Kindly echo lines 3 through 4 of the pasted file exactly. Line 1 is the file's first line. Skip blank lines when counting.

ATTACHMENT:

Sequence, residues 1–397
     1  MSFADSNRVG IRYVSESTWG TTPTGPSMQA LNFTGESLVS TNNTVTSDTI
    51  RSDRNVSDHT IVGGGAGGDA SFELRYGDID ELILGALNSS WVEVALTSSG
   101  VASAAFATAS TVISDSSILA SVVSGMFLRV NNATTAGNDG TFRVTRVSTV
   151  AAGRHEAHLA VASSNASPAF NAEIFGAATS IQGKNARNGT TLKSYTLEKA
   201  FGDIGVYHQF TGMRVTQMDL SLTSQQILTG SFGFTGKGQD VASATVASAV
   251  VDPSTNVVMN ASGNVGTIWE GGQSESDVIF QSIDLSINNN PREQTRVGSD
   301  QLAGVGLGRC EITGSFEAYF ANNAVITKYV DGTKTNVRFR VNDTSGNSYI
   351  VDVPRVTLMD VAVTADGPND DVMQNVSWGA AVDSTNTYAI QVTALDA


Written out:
    51  RSDRNVSDHT IVGGGAGGDA SFELRYGDID ELILGALNSS WVEVALTSSG
   101  VASAAFATAS TVISDSSILA SVVSGMFLRV NNATTAGNDG TFRVTRVSTV